*Mount Taranaki and Mount Egmont are that same mountain, the former is it's Maori name which is today more commonly used.

Following elementary training, spent final leave in Cambridge, during which he was given an official Farewell from the Cambridge Patriotic Committee. "I remember that well, I was as embarrassed as one thing!" He does not recall whether any other Cambridge airmen were being farewelled at the same time, but he says, "I know it was a terrible ordeal, and yet the sort of thing that you appreciated."

Jack then embarked onboard the Mauritania on the 24th of December 1942, which was headed for San Francisco. After crossing the Pacific and arriving in the USA, he and his fellow course members went on up to Canada. They eventually arrived at the intended destination of No. 6 SFTS at Dunnville, on Lake Ontario. Here he continued training on North American Harvards with his first Canadian flight taking place on the 9th of February 1943.

He was on track to become a fighter pilot, flying the single engined advanced trainers, but "I got pretty close to it [becoming a fighter pilot], but unfortunately just before I got my Wings, I also got the mumps. And I was held up in hospital in Canada. And the blokes in my course who didn't get mumps, they all went off, and all went onto Spits. I just missed."

Those Wings, denoting his successfully passing flying training, were pinned on him on the 25th of June 1943, and he was also commissioned with the rank of Pilot Officer, having been among the top-third graduates of his course.

On the 16th of July 1943 Pilot Officer Morris embarked on the 'Louis Pasteur' at Halifax and set off for Greenock, and then on to Brighton in the south of England.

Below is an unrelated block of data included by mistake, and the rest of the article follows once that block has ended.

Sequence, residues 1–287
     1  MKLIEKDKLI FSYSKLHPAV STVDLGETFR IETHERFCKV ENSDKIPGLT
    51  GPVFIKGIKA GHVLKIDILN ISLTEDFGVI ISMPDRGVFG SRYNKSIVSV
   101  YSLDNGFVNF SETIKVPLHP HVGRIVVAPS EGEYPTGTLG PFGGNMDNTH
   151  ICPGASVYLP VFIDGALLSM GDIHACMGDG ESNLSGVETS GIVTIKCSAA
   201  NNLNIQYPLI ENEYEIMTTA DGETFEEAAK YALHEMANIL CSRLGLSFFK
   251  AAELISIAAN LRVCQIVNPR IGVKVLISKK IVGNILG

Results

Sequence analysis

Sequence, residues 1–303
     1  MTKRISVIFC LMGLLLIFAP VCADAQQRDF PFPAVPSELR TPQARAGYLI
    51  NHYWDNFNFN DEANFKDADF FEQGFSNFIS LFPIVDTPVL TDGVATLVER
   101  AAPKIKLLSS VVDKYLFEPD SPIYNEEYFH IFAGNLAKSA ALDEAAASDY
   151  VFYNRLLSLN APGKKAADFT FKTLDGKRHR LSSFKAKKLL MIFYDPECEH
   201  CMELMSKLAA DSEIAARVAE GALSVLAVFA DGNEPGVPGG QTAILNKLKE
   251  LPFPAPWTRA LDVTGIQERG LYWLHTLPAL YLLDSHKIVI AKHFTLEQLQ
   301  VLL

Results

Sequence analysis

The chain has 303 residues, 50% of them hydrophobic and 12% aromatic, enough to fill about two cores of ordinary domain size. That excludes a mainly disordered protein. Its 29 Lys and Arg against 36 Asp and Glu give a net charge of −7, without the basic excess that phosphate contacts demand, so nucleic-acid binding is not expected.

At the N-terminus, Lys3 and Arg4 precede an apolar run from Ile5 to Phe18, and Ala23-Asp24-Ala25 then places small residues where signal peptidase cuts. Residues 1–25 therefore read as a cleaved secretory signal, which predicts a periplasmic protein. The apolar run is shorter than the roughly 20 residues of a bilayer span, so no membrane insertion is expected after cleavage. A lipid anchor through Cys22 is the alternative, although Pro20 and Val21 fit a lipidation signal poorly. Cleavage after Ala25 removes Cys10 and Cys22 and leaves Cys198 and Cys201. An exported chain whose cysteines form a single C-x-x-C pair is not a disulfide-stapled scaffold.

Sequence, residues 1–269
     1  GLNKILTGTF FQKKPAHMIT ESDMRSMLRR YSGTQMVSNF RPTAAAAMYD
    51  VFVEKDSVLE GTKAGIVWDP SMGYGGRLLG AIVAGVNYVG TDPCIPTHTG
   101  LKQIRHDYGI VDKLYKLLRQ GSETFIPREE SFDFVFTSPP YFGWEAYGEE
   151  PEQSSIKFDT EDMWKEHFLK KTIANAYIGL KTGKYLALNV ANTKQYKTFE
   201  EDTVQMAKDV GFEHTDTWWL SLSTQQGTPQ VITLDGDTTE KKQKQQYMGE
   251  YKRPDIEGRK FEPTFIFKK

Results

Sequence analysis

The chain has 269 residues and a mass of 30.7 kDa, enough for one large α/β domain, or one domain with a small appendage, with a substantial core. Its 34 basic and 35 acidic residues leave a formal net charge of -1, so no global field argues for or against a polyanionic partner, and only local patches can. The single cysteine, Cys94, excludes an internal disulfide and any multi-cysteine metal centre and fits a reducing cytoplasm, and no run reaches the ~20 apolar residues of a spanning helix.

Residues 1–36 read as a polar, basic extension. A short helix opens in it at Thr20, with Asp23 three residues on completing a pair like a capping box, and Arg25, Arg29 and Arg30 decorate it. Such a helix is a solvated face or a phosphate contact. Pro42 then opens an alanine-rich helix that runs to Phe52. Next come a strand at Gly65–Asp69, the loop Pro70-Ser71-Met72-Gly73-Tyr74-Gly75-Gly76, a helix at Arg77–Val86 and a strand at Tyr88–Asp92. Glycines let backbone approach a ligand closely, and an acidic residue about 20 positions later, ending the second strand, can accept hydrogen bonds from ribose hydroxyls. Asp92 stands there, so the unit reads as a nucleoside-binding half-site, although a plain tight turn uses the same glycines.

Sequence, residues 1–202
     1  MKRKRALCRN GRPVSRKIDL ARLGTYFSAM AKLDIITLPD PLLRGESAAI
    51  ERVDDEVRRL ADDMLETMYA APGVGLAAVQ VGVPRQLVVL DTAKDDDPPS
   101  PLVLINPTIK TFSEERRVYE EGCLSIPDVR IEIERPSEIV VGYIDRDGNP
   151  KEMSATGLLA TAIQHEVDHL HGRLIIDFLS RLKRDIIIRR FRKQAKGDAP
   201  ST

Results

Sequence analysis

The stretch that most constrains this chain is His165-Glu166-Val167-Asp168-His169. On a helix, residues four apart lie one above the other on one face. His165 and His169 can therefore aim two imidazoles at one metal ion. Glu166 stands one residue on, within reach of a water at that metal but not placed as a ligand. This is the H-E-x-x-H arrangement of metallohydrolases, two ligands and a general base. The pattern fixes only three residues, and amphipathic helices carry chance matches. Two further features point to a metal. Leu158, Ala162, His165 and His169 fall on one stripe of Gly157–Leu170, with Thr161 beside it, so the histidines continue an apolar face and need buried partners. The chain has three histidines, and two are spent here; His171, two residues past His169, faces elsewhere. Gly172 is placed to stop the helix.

On arrival at Brighton where all newly arrived RNZAF airmen were sent to await orders and distribution to an Operational Training Unit. From here, Jack recalls he did, "Various admin and Ground Training activities."

One of these activities was fairly interesting, " I went down and did a sort of a Commando course in Devon. Playing soldiers, and being toughened up." This may sound unusual for Air Force, but Jack says he believes that quite a lot of airmen did this course. "It was really filling in I suppose, because of the flying training, but I was there for several weeks."

"I had hoped to be a fighter pilot you see, and I'd trained on Harvards. But when we arrived in Britain they were losing fifty and sixty bombers a night. So a whole lot of us were told, 'Ok, you're going to be bomber pilots. To hell with this business of playing at fighter pilots.' So we were sent to fly Oxfords, with twin engines. That was a place called Church Lawford, at Rugby. It was for quite a while, ten weeks I suppose, perhaps even longer."

Due to those mumps in Canada, he'd arrived just too late to fulfill his ambition of flying fighters. On the 6th of October 1943 he began his multi-engine conversion course at Church Lawford,